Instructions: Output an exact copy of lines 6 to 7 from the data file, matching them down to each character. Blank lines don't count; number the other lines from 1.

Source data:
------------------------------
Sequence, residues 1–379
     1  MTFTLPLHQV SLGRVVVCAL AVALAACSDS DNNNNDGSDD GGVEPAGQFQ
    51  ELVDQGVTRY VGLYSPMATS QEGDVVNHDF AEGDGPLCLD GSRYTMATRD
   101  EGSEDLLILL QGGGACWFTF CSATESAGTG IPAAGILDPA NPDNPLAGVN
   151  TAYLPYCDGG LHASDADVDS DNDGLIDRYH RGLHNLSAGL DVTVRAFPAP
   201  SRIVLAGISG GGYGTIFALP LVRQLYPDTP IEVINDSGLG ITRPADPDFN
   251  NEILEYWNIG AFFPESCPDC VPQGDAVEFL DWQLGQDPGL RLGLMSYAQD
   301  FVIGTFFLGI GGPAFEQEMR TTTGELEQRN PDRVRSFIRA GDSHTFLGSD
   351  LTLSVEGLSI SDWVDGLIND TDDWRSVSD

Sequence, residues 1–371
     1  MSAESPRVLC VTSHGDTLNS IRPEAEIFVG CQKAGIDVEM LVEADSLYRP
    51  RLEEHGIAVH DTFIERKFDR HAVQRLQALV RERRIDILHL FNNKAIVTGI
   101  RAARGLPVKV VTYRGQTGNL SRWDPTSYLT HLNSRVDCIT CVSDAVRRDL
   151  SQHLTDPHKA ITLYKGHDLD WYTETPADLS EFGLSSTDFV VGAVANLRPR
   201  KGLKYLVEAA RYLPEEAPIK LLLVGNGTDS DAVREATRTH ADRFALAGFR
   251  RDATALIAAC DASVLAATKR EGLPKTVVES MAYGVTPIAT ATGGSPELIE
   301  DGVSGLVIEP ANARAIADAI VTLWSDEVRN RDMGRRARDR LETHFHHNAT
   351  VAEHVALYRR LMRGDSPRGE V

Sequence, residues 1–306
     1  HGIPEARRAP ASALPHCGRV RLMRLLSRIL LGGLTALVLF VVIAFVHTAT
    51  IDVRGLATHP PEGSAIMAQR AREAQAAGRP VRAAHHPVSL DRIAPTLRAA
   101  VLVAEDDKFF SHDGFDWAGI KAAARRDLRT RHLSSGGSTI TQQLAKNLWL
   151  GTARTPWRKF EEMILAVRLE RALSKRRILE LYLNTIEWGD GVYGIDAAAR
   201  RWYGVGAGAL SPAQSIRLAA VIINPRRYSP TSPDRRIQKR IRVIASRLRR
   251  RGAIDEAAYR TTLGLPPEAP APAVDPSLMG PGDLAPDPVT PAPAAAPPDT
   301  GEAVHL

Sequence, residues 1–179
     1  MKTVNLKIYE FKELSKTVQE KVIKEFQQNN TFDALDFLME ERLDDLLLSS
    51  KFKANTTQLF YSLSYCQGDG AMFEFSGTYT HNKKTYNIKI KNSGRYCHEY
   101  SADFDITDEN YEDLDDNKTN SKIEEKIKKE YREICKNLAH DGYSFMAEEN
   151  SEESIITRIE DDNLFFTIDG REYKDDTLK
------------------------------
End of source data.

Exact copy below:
   201  SRIVLAGISG GGYGTIFALP LVRQLYPDTP IEVINDSGLG ITRPADPDFN
   251  NEILEYWNIG AFFPESCPDC VPQGDAVEFL DWQLGQDPGL RLGLMSYAQD